Sharing the sweets of their home country, a group of 16 Japanese exchange students, visiting the University of Missouri for a month-long English immersion program, hosted an event with MU’s Asian Affairs Center that offered a dessert whose ingredients are the epitome of Japanese history and culture.
The students from Kokugakuin University made and served green tea ice cream, topped with Shiratama Dango (related to the more traditional mochi), red bean paste (anko), soybean powder and Kuromitsu, which one student described as “sugar slop,” but I could compare to a thinned molasses.
The students prepared the ingredients prior to the event. However, for some, like Shota Kurata, it was the first time.
“How was it?” I asked about making the ingredients for the first time. Kurata said it’s not hard to find these ingredients already made in Japan. Most of the time, one can find them pre-packaged. However, that wasn’t the case in the middle of the U.S., where some ingredients are harder to find.
“Better than I thought,” Kurata said. “We usually buy this already cooked.”
Green tea with envy
Japanese tea makers have adapted styles of the tea to fit the fast-paced lifestyle of today’s Japanese population. Ready-to-drink and canned teas of many forms – green, black and oolong – became a regular commodity in the 1980s.1 Today, green tea can also be found in forms other than as a drink. Green tea ice cream is one of the most popular flavors in Japan, and it has found a growing fan base in the U.S. over the past few decades.
The origins of tea in Japan and the Japanese tea ceremony (chanoyu) date to the 9th century when religious leaders brought bricks of tea leaves back from China.1 Tea was part of the Chinese culture, considered exotic and enjoyed by the elite. Powered green tea (matcha) became very popular in the 15th and 16th centuries. The practice of drinking it bridged the gap between men of different social strata in 16th century Japan.2
Tea gatherings became more significant as a social event. Matcha became a popular drink at fancy parties of high-ranking military members. Military lords, such as the Ashikaga Shogun of the 16th century, incorporated tea as a cultural pursuit, incorporating it as a form of art that was part of the warrior practice.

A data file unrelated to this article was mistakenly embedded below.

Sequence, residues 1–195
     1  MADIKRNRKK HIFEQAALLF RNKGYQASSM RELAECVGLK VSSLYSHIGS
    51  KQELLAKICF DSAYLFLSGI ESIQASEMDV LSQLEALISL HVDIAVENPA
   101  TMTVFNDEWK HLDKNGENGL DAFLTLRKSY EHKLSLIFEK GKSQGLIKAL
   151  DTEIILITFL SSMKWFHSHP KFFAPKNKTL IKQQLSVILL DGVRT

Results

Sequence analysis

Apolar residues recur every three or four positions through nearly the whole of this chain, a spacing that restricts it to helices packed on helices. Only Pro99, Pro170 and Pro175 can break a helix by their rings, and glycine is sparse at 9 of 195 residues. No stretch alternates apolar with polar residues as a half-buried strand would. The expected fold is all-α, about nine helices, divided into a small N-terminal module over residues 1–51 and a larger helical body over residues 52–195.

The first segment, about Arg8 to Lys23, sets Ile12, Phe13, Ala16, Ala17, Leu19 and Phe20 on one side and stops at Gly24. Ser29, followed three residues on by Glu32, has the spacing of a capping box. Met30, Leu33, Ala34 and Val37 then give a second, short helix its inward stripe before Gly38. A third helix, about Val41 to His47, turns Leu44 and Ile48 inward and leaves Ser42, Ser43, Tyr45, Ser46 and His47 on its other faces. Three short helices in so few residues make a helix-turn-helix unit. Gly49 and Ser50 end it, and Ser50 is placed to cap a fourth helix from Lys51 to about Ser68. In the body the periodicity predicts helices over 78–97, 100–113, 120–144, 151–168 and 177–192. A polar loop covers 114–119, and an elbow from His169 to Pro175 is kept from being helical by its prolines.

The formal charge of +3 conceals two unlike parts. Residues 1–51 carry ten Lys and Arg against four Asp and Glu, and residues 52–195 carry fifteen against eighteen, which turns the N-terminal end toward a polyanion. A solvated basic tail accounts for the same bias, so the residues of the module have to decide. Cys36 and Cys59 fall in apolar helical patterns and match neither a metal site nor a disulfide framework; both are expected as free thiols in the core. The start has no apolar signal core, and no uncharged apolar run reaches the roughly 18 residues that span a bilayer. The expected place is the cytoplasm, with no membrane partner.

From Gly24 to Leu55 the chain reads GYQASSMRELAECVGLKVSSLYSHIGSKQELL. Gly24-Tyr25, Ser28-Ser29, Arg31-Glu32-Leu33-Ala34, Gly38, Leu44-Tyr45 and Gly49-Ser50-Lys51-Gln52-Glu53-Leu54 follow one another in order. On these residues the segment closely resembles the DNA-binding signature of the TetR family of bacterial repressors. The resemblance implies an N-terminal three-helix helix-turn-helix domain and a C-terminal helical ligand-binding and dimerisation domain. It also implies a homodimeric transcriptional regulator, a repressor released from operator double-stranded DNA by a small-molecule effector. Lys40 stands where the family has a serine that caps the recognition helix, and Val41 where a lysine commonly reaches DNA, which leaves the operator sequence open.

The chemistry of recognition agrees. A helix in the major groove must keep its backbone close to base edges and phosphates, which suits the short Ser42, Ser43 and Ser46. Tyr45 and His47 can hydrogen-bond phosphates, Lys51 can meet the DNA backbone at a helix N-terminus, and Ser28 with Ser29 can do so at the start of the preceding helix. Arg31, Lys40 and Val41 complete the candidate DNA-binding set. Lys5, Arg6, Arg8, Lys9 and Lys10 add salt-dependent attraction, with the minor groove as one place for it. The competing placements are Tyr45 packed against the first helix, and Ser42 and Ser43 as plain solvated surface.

By this time, specialized shops in Kyoto, Japan’s imperial capital at the time, began selling tea wares and utensils. Tea practice by shop owners was different from the warriors who enjoyed it in such opulence. These shop owners often prepared tea themselves (as opposed to having a servant prepare the tea) for their guests. Their methods also were different from the style of military leaders, developing a practice that came to be known as grass-hut (sōan) style, which also differed due to the exclusive use of the more plain, Japanese-styled tea utensils (the Chinese ones – part of the arts and crafts called karamono – used by the military elite were more opulent). Incorporating the idea there were symbolic and economical value to using Japanese tea utensils helped catapult the grass-hut style of tea practice to a status considered more important that the military practice.
The reintegration of karamono within the realm of chanoyu took place in the 16th century, but the appreciation for karamono became more widespread in the early 19th century with the rising popularity of another ritual that used an unfermented green leaf-tea (Sencha)3, which is more recognizable as the tea commonly drunk today.
Green tea ice cream
- To make the green tea ice cream, Kurata suggests mixing vanilla ice cream with matcha powder.
- 200g Shiratama powder (found online through Japanese cuisine specialties site like this one.
- 190mL water
- Add water to Shiratama powder and knead it. Form into 1-inch balls.
- In a pot of boiling water, place shiratama balls into water and cook until they begin to float.
- Leave floating balls in boiling pot for 1-2 minutes.
- Remove balls and soak in ice-cold water.
- Leave in water until ready to serve. (Straining from water when plating.)
- Consider coating the balls in soybean powder or your favorite topping before serving.
Red bean paste (anko)
Consider this recipe from Epicurious.
You can order pre-made or make yourself.
Made from grilled and crushed soybeans: Find it here. Yeah Amazon!
- Pitelka, M. (Ed.). (2003). Japanese Tea Culutre: Art, history, and practice. London: RoutledgeCurzon.